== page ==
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Freddie Solomon, a former Miami Dolphin and sensation at the University of Tampa, dies at 59


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Freddie Solomon was a just a curious kid who was happy to be in the NFL.

That's how former Dolphins quarterback Bob Griese remembers Solomon, the Dolphins' second-round pick in 1975.

"He always wanted to know, 'Why this?' or 'Why that?' And he was always smiling," Griese said Monday night from his home in Jupiter.

Solomon, who built an 11-year NFL career with the Dolphins and San Francisco 49ers, died Monday in Tampa after fighting colon and liver cancer for nine months. He was 59.

Solomon had a dazzling college career as a dual-threat quarterback at the University of Tampa when black quarterbacks were a rarity. He finished 12th in the 1974 Heisman balloting, but Dolphins coach Don Shula, concerned in part by Solomon's height (5-foot-11), switched him to wide receiver.

Solomon was an exciting presence in his three seasons with the Dolphins, too, scoring touchdowns four different ways (receiving, rushing, kickoff return and punt return). In a 1976 game against Buffalo, he caught a 53-yard touchdown pass, ran 59 yards for another touchdown and returned a punt 79 yards for a third touchdown.

Griese appreciated Solomon's aptitude for the game and his friendly demeanor.

"He learned very fast. He was a quick study," Griese said. "He would always come by and first thing in the morning, he'd come over and say, 'How you doing? Not to talk football - he just wanted to come around and enjoy being part of the family."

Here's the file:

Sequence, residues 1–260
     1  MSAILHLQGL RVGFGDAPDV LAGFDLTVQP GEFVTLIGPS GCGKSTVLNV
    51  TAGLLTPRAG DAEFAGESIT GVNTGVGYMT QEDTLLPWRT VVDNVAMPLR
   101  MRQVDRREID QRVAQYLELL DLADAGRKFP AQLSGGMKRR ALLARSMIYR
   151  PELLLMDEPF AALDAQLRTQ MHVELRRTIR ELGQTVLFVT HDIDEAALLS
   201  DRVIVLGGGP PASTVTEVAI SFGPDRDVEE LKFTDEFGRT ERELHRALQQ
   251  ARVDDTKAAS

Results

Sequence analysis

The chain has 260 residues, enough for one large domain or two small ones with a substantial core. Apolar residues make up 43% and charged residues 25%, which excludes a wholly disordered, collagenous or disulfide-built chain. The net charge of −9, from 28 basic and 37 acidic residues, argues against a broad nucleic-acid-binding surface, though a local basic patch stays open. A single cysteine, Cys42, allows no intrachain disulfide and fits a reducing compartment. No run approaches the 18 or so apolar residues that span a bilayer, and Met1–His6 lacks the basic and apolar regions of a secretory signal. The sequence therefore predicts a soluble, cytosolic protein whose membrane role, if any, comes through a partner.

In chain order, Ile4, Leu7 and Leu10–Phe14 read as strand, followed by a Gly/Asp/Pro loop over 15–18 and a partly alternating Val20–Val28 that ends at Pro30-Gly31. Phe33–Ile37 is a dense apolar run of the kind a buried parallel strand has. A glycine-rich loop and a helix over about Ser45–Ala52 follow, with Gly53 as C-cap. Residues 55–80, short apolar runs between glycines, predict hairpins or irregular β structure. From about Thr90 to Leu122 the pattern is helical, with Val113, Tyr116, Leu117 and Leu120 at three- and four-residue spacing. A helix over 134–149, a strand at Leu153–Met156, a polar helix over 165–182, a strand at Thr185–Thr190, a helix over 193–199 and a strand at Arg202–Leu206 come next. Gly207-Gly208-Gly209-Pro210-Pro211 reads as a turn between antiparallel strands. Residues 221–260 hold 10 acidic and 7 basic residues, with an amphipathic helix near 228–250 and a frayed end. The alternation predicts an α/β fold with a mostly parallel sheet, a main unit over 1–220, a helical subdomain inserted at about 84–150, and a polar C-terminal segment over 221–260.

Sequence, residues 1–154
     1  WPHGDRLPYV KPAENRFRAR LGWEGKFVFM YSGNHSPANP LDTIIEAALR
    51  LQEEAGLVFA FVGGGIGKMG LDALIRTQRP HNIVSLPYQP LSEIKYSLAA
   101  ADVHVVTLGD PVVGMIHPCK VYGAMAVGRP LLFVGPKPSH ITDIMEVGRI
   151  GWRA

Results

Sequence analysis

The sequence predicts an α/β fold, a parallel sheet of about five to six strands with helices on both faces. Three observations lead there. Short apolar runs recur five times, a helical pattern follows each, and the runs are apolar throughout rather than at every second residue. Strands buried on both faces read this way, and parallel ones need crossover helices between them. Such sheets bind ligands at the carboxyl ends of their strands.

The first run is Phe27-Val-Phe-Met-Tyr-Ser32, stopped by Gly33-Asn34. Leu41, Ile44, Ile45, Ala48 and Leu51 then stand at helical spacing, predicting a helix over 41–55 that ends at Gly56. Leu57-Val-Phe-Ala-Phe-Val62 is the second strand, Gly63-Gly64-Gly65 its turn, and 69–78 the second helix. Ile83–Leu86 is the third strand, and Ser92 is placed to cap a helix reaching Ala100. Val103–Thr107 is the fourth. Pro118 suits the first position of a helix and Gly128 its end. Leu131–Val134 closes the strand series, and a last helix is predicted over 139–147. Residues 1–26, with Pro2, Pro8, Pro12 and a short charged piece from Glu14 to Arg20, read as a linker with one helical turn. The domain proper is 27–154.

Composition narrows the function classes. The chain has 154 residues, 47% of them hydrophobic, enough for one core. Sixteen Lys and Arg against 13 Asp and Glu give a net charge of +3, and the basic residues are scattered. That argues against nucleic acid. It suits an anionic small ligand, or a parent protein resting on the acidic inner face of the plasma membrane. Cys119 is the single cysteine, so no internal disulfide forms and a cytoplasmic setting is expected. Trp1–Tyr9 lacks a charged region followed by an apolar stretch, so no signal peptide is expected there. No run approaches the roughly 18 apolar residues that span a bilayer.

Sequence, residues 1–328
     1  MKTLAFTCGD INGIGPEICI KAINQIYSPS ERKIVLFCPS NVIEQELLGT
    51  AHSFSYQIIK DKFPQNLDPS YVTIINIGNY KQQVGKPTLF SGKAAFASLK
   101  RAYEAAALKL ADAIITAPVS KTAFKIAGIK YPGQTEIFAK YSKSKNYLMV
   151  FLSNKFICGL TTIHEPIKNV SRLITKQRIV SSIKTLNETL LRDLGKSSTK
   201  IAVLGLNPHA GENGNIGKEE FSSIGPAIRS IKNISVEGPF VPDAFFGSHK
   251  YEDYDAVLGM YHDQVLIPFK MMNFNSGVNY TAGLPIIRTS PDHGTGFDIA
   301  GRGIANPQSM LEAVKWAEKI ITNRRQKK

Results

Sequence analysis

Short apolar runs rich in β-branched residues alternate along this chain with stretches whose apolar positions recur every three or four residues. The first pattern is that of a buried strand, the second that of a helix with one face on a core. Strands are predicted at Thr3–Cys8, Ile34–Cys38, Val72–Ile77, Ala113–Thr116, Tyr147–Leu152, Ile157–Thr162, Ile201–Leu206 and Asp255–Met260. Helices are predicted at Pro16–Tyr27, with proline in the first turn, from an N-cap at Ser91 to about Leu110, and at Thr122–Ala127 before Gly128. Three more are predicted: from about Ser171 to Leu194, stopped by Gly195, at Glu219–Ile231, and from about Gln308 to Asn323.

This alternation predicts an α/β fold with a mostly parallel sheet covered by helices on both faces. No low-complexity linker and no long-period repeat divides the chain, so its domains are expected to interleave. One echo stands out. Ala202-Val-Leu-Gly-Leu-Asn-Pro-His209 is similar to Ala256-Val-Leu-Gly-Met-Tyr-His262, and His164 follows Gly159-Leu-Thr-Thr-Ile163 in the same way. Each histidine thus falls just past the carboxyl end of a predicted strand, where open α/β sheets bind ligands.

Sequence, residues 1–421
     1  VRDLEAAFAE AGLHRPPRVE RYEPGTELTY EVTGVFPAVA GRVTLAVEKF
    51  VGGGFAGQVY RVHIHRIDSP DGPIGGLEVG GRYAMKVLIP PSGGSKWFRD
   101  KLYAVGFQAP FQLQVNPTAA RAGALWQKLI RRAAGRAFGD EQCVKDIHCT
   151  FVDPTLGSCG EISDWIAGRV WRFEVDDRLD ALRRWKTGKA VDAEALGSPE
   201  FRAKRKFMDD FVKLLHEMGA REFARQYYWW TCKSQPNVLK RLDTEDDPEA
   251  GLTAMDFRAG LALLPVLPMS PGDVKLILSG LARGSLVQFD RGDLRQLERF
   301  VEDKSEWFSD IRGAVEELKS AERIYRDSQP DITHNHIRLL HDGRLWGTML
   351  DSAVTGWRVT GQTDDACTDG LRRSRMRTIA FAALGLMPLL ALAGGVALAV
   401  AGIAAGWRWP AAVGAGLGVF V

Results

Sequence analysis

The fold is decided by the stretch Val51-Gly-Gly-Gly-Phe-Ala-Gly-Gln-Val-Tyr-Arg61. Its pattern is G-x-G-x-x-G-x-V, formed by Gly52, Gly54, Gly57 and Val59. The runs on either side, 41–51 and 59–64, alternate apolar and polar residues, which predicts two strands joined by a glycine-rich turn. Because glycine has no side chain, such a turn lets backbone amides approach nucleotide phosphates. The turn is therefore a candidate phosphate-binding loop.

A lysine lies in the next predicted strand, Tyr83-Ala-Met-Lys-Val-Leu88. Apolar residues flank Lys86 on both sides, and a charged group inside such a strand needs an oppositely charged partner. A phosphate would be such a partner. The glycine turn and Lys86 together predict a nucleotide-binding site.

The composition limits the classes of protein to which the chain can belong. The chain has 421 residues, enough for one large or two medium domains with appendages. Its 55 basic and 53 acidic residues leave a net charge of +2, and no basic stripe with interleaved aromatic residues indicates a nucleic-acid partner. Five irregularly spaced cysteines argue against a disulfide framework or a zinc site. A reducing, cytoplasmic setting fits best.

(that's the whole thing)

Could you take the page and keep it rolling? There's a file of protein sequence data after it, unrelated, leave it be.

But the Dolphins missed the playoffs in his three seasons and sought to improve the running game in 1978. They traded Solomon, safety Vern Roberson and their first- and fifth-round picks to San Francisco for running back Delvin Williams.

Solomon established himself as a star in San Francisco, where he paired with Joe Montana and Dwight Clark to help the 49ers win two Super Bowls, including one against the Dolphins in January 1985.

Solomon's best season was in 1981, when he caught 59 passes for 969 yards and eight touchdowns, with a long of 93. For his career, he caught 371 passes for 5,846 yards, rushed for 519 yards, gained 8,673 kick-return yards and scored 57 touchdowns.

On "The Catch," Clark's legendary touchdown reception against Dallas in the 1982 NFC Championship Game, Solomon was the intended receiver but slipped while running his route.

Clark told The Tampa Tribune that Solomon's kindness and leadership helped him establish his pro career.

"He helped me when he didn't really have to,' Clark said. "But as I came to understand, that's how he has always been with everybody. He has led an amazing life.'

After his career ended in 1985, Solomon returned to Tampa and worked for two decades in community relations with the Hillsborough County Sheriff's Office, serving as a coach and mentor for troubled youths.

Solomon was born in Sumter, S.C. His survivors include his wife of 33 years, the former Delilah (Dee) Jeffers

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